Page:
Stop slurring

I’m talking about speech, but not about speaking indistinctly and running one’s words together. I’m talking about speech that insults.

Over on One Special Place, Renee Beauregard has a post deriding the use of “retard” and its variants (‘tard, ‘tarded, etc.) in common speech.

Do you have any idea how many times people with developmental disabilities are called the “R” word – in a way that is meant to be derogatory? And now, this word has become an adjective used as much as any other negative word to describe a person.

The history of disabilities is replete with terms that were once used clinically as well as insultingly: imbecile, idiot, moron, and others. Now that groups such as the American Association on Intellectual and Developmental Disabilities (AAIDD; formerly American Association for Mental Retardation or AAMR) have changed their names, maybe the term “retard” as a slur can take its place on the slag heap of misbegotten insults.

Ms. Beauregard notes some examples of people taking offense at this use of the term. Link to her post. There are other resources available, too. Check Alex Santoso’s post from Neatorama for notes about the usage of some of these terms. Meanwhile, have a little consideration, please.

3 Responses to “Stop slurring”


  • I agree with this posts, and I believe it is wrong for people to use these offensive words (i.e. retard, sped, imbecile, moron) without understanding the underlying message they are exemplifying. This is a conversation that I am constantly having with my peers, because they almost always forget the intensity and negativity these words portray when used so nonchalantly.I think it is important for people to be aware of the psychological affects that offensive words have on others. It is unbelievable how passively words such as “retard” or “sped” are tossed around, which makes feel that there is a lack of information in people who are not making deeper connections. Therefore, I have made a conscious effort to inform people in my presence the damage they can do by employing these words, especially if they are saying it to people who actually have a learning disability. This can cause those with learning disabilities to have a decrease in self-esteem among other affects. All in all, it is wrong to use these negative words, and I hope that people read posts like this one that can help them think about their word selection, because it truly does affect others.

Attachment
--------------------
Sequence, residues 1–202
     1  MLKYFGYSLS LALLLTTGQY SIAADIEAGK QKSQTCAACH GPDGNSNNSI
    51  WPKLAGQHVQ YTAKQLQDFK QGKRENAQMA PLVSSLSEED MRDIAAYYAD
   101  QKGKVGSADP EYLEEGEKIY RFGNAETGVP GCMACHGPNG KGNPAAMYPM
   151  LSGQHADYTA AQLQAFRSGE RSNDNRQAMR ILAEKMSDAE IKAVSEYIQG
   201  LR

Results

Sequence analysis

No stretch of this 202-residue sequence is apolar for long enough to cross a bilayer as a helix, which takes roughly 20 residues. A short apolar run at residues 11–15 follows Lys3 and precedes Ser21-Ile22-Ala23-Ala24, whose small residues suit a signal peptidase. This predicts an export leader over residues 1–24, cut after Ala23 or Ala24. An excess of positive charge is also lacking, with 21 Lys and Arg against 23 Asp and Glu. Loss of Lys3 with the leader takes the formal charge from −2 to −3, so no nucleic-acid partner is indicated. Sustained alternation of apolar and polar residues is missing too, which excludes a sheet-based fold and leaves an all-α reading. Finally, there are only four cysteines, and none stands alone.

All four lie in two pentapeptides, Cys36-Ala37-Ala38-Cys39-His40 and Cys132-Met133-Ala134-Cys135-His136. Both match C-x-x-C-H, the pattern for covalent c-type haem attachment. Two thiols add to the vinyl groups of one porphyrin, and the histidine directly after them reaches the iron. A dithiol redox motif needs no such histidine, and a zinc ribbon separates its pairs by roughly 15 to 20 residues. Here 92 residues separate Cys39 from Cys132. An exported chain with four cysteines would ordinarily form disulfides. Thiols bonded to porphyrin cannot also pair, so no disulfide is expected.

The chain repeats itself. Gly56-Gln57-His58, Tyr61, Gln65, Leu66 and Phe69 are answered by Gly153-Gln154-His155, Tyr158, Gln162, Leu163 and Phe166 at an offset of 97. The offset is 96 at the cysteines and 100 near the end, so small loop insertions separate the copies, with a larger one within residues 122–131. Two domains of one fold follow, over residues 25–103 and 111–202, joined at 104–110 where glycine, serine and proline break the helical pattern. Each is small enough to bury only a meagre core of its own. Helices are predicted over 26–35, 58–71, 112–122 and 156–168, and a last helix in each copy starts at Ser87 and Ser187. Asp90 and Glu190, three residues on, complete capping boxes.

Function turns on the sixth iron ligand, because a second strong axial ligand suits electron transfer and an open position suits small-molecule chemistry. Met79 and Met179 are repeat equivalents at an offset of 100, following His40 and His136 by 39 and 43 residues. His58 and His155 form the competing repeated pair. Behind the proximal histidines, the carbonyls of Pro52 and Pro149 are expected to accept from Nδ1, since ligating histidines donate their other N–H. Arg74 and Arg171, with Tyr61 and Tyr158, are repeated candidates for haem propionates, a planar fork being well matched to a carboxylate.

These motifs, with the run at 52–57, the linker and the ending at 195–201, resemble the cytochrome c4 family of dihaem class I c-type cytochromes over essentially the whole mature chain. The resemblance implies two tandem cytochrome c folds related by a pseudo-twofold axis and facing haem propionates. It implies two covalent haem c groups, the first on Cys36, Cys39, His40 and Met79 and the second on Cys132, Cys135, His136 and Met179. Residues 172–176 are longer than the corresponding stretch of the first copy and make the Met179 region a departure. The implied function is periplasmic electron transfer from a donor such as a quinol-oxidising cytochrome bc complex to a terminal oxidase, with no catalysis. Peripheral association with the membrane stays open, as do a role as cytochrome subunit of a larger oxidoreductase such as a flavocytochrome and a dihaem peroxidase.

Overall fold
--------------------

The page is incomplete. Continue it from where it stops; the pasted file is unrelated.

• Just last week one of the students here referred to a teacher’s policy as “so retarded!” Ironically, she didn’t have the grasp of the abstracts to understand that my objection was not that she was saying bad things about a teacher. I think she grasped that my issue was with her choice of words.

  • Hello I tried to subscribe to your feed and the link redirected me somewhere else. I will come back tomorrow.

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